Sewer sensors examine the parts the inspectors cannot reach
A remote control sensing device is being developed to detect defects in sewer walls.
Using both ultrasound and laser light, digital information on the condition of the sewer walls is fed back to a computer which can be programmed to spot problems.
The research is being carried out by a team in the Department of Mechanical Engineering at King’s College London, led by Dr Kaspar Althoefer and Professor Lakmal Seneviratne. Funding is from the Swindon based Engineering and Physical Sciences Research Council.
It is estimated that some 20 percent of the UK’s ageing sewage network is damaged in some way, leading to collapses and blockages. Many of the sewers are also too small for inspectors to get to, remote video cameras can be used but they cannot see through water and the recorded video images do not always pick up all the cracks.
The King’s team uses an ultrasound sensor to scan the area of pipe, which is below any water. “This can pick up evidence of cracks, or roots growing into the pipe, and relay it back to the base station” says Dr Althoefer. They are also using a laser system in conjunction with the video camera. Defects are indicated by changes in the laser pattern projected on to the walls.
Eventually, completely autonomous sensing machines could spend long periods in the sewer network, roaming the pipes and collecting essential information about their condition. The data could then be retrieved at regular intervals to allow engineers to improve their strategies for the repair and maintenance of the pipe network, which is vital to ensure it continues to function effectively.
Jane Reck | alfa
The most recent press releases about innovation >>>
Die letzten 5 Focus-News des innovations-reports im Überblick:
More and more automobile companies are focusing on body parts made of carbon fiber reinforced plastics (CFRP). However, manufacturing and repair costs must be further reduced in order to make CFRP more economical in use. Together with the Volkswagen AG and five other partners in the project HolQueSt 3D, the Laser Zentrum Hannover e.V. (LZH) has developed laser processes for the automatic trimming, drilling and repair of three-dimensional components.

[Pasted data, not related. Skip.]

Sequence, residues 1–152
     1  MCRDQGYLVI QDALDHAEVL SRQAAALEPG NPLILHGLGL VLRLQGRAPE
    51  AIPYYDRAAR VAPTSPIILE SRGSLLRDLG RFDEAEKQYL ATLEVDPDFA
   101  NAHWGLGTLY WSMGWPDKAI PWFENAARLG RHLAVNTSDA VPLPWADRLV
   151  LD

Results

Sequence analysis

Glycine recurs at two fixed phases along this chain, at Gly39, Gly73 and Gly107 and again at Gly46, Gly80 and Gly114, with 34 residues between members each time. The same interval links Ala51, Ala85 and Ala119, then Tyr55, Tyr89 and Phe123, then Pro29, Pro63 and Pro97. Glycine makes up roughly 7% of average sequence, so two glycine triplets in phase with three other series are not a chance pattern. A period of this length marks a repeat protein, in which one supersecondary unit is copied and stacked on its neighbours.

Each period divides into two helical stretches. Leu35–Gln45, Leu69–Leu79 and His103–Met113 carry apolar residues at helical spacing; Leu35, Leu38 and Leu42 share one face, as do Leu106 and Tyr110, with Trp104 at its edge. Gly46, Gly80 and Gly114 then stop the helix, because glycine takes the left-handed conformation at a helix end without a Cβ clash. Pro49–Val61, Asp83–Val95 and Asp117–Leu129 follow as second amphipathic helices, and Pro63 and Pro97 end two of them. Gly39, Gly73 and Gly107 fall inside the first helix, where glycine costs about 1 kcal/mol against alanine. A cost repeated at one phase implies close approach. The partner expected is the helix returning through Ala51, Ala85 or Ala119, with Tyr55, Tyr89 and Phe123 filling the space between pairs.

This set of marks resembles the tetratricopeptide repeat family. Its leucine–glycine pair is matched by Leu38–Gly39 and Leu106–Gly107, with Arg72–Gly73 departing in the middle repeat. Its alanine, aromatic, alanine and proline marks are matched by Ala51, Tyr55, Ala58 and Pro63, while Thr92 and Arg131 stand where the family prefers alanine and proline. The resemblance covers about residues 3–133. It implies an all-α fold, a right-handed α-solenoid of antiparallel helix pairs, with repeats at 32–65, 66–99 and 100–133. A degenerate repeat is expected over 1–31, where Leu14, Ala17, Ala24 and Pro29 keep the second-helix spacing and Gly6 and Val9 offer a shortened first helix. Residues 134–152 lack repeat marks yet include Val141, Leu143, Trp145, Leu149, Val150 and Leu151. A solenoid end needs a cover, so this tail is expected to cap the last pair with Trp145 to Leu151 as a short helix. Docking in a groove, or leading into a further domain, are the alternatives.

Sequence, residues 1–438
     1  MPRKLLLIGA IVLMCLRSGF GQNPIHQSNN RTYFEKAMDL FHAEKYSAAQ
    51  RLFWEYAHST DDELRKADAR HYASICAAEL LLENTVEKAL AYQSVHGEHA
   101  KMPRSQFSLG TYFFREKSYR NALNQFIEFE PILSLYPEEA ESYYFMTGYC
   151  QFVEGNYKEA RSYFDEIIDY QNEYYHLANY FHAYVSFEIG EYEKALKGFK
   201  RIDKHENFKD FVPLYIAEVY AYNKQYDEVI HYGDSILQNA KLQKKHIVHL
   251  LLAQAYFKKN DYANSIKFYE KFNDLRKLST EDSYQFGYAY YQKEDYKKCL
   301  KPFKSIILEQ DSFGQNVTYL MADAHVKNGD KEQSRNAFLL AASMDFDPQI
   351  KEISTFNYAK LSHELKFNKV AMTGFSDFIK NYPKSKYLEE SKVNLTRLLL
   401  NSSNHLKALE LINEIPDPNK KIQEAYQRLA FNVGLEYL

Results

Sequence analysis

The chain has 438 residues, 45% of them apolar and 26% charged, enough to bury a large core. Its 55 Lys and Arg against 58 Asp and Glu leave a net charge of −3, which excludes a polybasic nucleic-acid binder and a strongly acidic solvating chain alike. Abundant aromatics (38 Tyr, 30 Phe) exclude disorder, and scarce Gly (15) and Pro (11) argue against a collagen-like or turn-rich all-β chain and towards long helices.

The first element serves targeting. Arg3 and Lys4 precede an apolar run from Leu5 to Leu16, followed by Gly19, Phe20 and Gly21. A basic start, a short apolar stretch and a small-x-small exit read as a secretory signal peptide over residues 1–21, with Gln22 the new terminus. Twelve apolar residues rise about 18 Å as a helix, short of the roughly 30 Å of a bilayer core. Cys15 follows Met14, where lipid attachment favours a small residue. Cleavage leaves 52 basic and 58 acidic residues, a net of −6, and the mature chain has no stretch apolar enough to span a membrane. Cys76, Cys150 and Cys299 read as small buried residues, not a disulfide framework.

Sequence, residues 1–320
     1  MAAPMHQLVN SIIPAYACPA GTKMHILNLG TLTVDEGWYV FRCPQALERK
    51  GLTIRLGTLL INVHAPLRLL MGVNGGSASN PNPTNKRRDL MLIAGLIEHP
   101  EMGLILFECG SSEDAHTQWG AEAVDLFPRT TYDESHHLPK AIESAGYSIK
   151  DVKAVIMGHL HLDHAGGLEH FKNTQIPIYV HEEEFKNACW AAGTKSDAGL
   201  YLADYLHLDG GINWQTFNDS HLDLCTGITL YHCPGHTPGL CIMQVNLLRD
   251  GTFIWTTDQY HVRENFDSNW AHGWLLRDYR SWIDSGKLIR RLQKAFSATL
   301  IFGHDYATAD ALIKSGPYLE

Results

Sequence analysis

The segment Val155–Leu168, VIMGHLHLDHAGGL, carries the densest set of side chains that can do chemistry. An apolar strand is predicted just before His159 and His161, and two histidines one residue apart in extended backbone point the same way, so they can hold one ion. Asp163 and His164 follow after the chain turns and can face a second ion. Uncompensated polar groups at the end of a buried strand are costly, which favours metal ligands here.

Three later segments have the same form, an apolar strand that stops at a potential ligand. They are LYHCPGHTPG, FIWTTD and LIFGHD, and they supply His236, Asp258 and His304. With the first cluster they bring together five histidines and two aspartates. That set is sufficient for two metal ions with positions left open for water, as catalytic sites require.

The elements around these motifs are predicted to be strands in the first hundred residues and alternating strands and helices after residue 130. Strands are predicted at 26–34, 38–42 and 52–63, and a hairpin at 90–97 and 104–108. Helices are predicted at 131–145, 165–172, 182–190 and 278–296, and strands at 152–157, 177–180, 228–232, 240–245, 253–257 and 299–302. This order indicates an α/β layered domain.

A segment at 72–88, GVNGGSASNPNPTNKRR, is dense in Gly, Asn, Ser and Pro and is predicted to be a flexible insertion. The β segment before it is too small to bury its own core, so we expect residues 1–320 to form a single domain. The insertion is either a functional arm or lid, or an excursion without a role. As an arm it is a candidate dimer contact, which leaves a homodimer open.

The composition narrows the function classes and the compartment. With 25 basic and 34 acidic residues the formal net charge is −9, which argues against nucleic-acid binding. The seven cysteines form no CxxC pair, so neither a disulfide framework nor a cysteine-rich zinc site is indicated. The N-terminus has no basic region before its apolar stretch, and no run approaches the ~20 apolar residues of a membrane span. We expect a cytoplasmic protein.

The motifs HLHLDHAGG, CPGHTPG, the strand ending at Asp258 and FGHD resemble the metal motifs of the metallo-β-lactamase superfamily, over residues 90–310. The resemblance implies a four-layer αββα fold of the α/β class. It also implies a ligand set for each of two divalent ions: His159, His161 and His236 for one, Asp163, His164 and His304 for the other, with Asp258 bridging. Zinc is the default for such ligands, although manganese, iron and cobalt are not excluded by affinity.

Automated manufacturing processes are the basis for ultimately establishing the series production of CFRP components. In the project HolQueSt 3D, the LZH has...
Reflecting the structure of composites found in nature and the ancient world, researchers at the University of Illinois at Urbana-Champaign have synthesized thin carbon nanotube (CNT) textiles that exhibit both high electrical conductivity and a level of toughness that is about fifty times higher than copper films, currently used in electronics.
"The structural robustness of thin metal films has significant importance for the reliable operation of smart skin and flexible electronics including...
The nearby, giant radio galaxy M87 hosts a supermassive black hole (BH) and is well-known for its bright jet dominating the spectrum over ten orders of magnitude in frequency. Due to its proximity, jet prominence, and the large black hole mass, M87 is the best laboratory for investigating the formation, acceleration, and collimation of relativistic jets. A research team led by Silke Britzen from the Max Planck Institute for Radio Astronomy in Bonn, Germany, has found strong indication for turbulent processes connecting the accretion disk and the jet of that galaxy providing insights into the longstanding problem of the origin of astrophysical jets.
Supermassive black holes form some of the most enigmatic phenomena in astrophysics. Their enormous energy output is supposed to be generated by the...
Physicists in Garching observe novel quantum effect that limits the number of emitted photons.
The probability to find a certain number of photons inside a laser pulse usually corresponds to a classical distribution of independent events, the so-called...
Microprocessors based on atomically thin materials hold the promise of the evolution of traditional processors as well as new applications in the field of flexible electronics. Now, a TU Wien research team led by Thomas Müller has made a breakthrough in this field as part of an ongoing research project.
Two-dimensional materials, or 2D materials for short, are extremely versatile, although – or often more precisely because – they are made up of just one or a...